Numerous surveys show that the majority of adult Americans don’t have a will or trust, and the main reason given is that they have just been putting it off. In many cases creating an estate plan may not be a priority in your busy life, or it may not even seem necessary especially for those who are younger. But, you don’t want to be unprepared for unexpected life events, and developing an estate plan is worth your time and effort.
What is an Estate Plan?
An estate plan can have many components and will often need to be amended during your life as you marry, divorce, have children or acquire assets. It is more than just having a will, it is really a complete plan for finances, family and health care. It can be approached in stages and does not need to be avoided as a major or daunting project.
If you are unsure if an estate plan is important at your stage of life and circumstances, here is a quick self-test to see where to begin:
Then at a minimum you need an advance health care directive for medical decisions.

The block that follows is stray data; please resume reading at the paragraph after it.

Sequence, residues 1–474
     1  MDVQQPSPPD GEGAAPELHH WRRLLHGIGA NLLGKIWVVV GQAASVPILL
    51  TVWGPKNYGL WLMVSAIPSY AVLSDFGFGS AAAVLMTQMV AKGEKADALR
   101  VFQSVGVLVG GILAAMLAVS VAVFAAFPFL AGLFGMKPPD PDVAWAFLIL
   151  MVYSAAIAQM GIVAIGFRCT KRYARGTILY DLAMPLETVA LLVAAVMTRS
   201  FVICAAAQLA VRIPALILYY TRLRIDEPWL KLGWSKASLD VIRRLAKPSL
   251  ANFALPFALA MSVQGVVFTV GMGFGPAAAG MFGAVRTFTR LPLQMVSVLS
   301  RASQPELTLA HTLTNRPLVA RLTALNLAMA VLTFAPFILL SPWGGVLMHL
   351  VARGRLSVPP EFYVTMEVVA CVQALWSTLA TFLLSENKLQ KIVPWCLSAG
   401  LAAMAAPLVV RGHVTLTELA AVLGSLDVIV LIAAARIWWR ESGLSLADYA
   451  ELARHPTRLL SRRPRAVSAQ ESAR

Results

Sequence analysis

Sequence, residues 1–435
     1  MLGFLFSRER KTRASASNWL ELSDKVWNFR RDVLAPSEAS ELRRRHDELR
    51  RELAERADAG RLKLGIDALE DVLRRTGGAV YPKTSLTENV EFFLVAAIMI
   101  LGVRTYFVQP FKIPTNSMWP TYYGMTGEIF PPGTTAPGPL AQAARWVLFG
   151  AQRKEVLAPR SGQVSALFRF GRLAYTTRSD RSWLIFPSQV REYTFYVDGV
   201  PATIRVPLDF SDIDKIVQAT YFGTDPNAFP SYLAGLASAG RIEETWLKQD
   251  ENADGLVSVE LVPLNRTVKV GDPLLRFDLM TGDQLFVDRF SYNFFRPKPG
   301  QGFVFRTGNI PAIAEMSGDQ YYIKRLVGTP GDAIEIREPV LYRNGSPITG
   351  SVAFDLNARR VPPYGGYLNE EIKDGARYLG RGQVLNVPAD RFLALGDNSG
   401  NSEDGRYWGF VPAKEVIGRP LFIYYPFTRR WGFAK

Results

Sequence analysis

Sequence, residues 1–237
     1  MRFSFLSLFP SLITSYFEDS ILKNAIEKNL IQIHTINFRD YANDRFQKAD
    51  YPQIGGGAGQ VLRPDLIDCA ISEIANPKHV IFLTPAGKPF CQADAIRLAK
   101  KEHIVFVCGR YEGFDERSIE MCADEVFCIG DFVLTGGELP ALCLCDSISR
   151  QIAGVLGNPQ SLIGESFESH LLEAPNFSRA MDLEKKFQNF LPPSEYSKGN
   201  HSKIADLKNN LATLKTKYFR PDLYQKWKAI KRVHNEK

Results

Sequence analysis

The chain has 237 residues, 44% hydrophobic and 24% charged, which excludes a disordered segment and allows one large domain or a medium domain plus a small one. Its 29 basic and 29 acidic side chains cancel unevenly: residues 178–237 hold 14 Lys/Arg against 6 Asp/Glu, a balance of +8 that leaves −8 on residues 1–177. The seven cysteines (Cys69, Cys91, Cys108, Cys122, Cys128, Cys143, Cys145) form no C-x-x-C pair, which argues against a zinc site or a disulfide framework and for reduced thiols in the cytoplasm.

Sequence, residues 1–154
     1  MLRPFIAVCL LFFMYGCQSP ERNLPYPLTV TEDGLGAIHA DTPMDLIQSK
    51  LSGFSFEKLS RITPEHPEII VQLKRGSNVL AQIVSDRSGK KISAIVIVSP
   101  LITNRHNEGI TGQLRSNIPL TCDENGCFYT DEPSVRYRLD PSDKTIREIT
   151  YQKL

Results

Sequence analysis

If you want your spouse to have 100% of your assets, then you need a will or trust. Otherwise, 50% percent will go to your other family members under intestate laws.
You will need to name a guardian and should have a trust and life insurance to provide for their future care.
There are ways to minimize taxes through trusts or shifting ownership while you are still alive.
You will want to specify how assets are distributed to your heirs, rather than have intestate and probate laws control the outcome.
The Next Step
If any of these situations apply to you, then it is time to have a discussion with an estate planning attorney. They will guide you with recommendations and can draft the right documents for your circumstances. You can take it a step at a time, and you may find that it brings you peace of mind knowing that you are actively planning for your family’s future.
Please contact the attorneys at Shoup Legal, 951-445-4114 – www.ShoupLegal.com, to begin discussing your estate planning needs.